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New feathers, but the pecking order endures

A strange communication arrived the other day. What made it odd was the address on the front: "Department of English - Senior Staff Common Room". I checked the postage. Perhaps it had slipped down the back of the furniture in the sorting office in 1956 and only just resurfaced.

But no. It had been sent out long after the Suez crisis had been resolved. Only five days previously, to be exact. Surely then I must have blundered into some sort of time warp. No colleges have common rooms any more, do they? And if the odd antediluvian one still does, I can't believe they actually have two: one each for junior and senior staff.

I glanced around me to see if all the staff were wearing tweed jackets, smoking pipes and referring to one another as "old man" - this of course being the time before (in FE at least) women had been invented. Another "No". I was still grounded firmly in 2007. I could tell this because the next three items in my pigeon hole were all about the dumb subject of smart targets. I had another look at the package. It was an arts magazine sent out free to English teachers. Perhaps they had an anti-ageist policy that required their postroom staff to be well to the north of 90.

Whatever was behind the blip, it started me thinking about status and pecking orders in colleges. You knew where you were when Senior Common Room was stencilled on the door: in my case, knocking and waiting. But while today it might be less clear, are we really any less hierarchical than we were then?

Back in the days before the 1990s, when colleges were incorporated, there was a great chain of FE beings which was pretty uniformly applied across the land. This ran in nine recognisable steps from bottom to top: AL, Ll, L2, SL, PL, deputy HOD, HOD, VP and principal. Uniforms with stripes and pips were not compulsory, but they were worn - metaphorically at least.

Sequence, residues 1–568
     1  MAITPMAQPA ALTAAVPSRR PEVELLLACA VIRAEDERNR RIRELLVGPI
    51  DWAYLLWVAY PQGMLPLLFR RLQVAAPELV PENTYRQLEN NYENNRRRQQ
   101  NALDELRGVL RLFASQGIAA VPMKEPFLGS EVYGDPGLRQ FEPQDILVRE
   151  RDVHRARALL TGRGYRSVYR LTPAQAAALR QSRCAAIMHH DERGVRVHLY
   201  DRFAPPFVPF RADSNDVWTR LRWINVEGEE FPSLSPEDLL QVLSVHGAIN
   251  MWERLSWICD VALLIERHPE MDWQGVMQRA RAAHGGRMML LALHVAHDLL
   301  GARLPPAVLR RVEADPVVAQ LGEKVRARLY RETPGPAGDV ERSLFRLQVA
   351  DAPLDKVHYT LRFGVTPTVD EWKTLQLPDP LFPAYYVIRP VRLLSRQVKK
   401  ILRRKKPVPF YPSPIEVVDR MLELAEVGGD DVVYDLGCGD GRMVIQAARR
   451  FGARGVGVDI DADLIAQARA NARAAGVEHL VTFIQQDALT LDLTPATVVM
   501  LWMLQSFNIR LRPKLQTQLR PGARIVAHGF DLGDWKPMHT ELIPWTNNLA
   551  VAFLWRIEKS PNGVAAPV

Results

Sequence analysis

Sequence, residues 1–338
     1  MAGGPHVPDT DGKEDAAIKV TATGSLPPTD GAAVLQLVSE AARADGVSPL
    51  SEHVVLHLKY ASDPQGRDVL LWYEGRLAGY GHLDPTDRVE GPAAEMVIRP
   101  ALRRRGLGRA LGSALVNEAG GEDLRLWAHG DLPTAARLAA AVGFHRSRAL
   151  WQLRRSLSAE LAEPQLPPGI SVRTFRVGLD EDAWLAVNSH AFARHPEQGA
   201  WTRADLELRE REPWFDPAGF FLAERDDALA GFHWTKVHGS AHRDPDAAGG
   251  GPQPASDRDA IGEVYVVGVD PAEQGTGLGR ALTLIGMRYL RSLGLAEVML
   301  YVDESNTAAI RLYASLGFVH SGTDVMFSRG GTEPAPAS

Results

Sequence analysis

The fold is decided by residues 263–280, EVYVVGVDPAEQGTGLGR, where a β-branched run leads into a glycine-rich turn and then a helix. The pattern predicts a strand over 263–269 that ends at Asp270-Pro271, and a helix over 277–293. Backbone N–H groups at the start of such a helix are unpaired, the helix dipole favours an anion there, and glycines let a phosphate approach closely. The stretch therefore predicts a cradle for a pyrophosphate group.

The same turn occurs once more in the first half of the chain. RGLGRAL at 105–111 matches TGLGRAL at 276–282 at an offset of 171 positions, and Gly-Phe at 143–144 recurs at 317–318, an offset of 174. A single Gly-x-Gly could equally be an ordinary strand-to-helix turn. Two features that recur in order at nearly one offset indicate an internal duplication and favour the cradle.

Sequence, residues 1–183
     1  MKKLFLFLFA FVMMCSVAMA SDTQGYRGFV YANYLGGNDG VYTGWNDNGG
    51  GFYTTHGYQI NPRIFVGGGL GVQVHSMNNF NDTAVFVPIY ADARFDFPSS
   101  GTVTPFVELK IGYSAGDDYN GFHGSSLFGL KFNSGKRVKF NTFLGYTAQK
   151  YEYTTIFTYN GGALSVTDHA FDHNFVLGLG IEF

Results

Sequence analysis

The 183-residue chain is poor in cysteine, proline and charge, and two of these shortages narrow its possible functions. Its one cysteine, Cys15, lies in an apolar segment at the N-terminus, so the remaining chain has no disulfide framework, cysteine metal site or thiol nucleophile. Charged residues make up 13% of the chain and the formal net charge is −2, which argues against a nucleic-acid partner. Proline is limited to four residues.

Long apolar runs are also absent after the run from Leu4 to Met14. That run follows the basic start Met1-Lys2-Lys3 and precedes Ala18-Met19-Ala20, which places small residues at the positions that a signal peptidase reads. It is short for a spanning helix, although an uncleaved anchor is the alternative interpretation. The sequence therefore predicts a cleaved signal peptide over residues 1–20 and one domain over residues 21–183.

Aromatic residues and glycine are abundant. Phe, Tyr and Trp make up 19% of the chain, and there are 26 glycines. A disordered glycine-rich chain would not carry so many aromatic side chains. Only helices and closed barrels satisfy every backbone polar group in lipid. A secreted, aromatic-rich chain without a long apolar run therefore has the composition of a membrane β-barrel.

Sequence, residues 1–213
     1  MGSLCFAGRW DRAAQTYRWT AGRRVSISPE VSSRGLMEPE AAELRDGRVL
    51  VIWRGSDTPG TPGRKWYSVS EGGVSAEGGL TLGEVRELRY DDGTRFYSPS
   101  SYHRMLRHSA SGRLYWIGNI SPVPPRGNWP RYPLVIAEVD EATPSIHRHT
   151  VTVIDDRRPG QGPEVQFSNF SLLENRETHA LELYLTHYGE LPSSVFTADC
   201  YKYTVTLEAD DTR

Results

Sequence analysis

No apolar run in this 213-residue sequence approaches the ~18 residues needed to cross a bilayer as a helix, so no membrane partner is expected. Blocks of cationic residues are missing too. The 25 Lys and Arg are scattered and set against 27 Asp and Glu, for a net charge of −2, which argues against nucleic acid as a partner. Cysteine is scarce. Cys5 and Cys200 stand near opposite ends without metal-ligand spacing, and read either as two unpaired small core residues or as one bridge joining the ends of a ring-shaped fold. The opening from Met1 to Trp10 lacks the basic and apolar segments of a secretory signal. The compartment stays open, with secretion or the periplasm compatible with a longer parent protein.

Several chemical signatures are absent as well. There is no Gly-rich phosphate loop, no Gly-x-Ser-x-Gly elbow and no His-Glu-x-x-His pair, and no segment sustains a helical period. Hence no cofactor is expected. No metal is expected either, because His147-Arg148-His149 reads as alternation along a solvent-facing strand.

Today most of that's gone - both in structure and nomenclature. Even the man or woman at the top often chooses to ditch the traditional handle of principal in favour of the more business-oriented chief executive. The lecturer grades have been flattened out, so where before there were five, now there is only one: main grade lecturer.

In their place, though, have come the legions of those we now call managers. Most colleges are still organised in departments, though to call them that has long been a no-no. The department (or school, or faculty, or thingy-that-looks-and-smells-and-tastes-like-a-department-but-must-never- be-referred-to-as-such) has a manager of one kind or another. Below them will be one or two layers, one of which is likely to be the ubiquitous curriculum manager.

Above the departmental level, we enter a sort of managerial adventure playground. This may or may not involve a recognisable hierarchy - in many colleges it is simply a mess.

Here the managers may or may not actually be called managers. "Director" is much favoured as an alternative. It not only sounds grand but brings a plethora of assistant directors, assistant to directors and assistant to assistant directors trailing in its wake.

At the very top some clarity returns, although guessing whether the vice principal is junior or senior to the deputy principal (or indeed to the deputy to the principal) is still a popular parlour game in some colleges.

So is this more or less hierarchical than the system it has replaced? The answer must surely be both yes and no. They may no longer pass the port in the principal lecturers' dining room. The chief executive might be Jim rather than Mr Smith. But in one form or another, the great chain of FE beings surely still exists in a college near you.

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